Beings in constant redefining have abandoned their native landscapes. The surrounding terrains have probably absorbed their motion as they now rest in stillness… All these paths and roads they have taken and walked… And then, all of a sudden, the majestically standing mountains, volcanoes and rocks have incorporated those fighters in their multi-layered constitutions. An absolute captivation, where organic matter flows back in inorganic matter and what is epidermis is spitted out at the top layer. Now in solitude, this new relationship is more present than ever and so the personified rocks and their companions will pursue continuity in deep-time existence. Still geological forms and bodies. Frozen or ready to transform? Mountains are standing there waiting for the next reaction, the next millimetres of transformation in their own understanding of volume and time. But what is this kind of companionship approaching them? Landscapes always had their spirit animals.
Empty Afternoons brings together a new series of works by Lito Kattou, continuing the development and research of her interests in posthumanism, ecological concerns, non-patriarchical understandings of matter, moments of transformation, the absence and presence of the body and flatness as a an articulation of volume. The symbolic power of what a mountain/volcano and a tiger could be is revealed and unfolds through the exhibition. All wall pieces are digital incarnations of rocky geological terrains captured in various angles, taken from 3D models through simple screenshots and then saved on Kattou’s desktop. The images are digitally printed on synthetic textiles. The lightness and transformability of the textile as a material solidifies by a chemical component. The terrains are captured in a moment of unfolding or stretching out and in this way petrified textile, flat wall sculptures are created.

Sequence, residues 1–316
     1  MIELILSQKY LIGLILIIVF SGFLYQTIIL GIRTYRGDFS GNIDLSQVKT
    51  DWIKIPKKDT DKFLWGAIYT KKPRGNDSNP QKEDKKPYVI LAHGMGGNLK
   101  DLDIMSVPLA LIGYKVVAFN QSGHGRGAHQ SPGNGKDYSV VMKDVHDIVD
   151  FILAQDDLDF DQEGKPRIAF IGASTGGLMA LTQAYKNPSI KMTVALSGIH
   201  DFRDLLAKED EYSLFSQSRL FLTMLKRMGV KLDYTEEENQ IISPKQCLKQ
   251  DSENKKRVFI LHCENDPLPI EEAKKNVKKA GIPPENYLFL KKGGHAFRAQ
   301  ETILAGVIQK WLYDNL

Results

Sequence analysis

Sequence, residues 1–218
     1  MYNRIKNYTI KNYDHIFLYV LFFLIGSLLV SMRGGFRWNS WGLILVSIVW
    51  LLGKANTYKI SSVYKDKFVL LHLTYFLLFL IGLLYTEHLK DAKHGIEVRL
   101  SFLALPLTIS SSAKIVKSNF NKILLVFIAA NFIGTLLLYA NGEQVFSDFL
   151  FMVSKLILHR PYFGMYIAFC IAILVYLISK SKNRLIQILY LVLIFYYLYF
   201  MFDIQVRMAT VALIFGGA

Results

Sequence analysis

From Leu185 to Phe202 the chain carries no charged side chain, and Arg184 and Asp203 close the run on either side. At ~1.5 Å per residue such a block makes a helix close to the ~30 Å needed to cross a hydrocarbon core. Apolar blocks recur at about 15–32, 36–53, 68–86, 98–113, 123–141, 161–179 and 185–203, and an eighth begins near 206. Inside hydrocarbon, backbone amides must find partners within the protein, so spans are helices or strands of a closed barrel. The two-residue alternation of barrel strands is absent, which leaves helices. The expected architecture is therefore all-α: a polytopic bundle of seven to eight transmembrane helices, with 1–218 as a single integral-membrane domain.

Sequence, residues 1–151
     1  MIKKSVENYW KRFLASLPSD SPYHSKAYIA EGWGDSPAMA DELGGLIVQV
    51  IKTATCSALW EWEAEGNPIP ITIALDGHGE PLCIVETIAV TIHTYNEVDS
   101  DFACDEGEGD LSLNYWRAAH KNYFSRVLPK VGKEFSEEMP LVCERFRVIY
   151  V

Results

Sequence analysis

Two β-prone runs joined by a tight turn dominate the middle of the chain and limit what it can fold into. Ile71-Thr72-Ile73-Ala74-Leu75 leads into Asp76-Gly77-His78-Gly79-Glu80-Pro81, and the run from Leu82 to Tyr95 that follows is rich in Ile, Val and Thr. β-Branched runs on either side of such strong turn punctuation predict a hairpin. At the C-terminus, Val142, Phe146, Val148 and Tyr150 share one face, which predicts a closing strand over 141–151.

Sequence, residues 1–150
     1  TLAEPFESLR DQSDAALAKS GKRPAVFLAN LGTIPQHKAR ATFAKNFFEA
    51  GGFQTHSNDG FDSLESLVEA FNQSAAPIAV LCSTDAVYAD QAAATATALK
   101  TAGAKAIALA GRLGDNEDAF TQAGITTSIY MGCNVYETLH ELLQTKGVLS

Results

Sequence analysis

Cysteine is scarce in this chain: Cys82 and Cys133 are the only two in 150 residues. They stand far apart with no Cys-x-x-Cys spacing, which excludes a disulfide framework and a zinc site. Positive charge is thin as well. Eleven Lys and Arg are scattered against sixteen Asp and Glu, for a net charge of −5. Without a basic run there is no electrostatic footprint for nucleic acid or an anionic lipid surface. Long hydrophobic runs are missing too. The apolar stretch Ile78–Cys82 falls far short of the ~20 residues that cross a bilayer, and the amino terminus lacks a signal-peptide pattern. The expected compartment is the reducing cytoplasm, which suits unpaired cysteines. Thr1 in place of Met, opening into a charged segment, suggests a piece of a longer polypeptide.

The terrains are encircled by two flat-standing copper pieces. These sculpture works are promising a new affection, a creation of a relationship other than the stereotypical of human/landscape. The tigers are captured flat and despite their stillness, their supportive mechanism promises mobility. The permeability of the voids which are unfolding interiorly of the frame, which surrounds the animal body is permitting the tiger form to be placed in a direct relationship to the landscape, creating in this way a narrative of inhabitation and mobility which is of an uncertain time.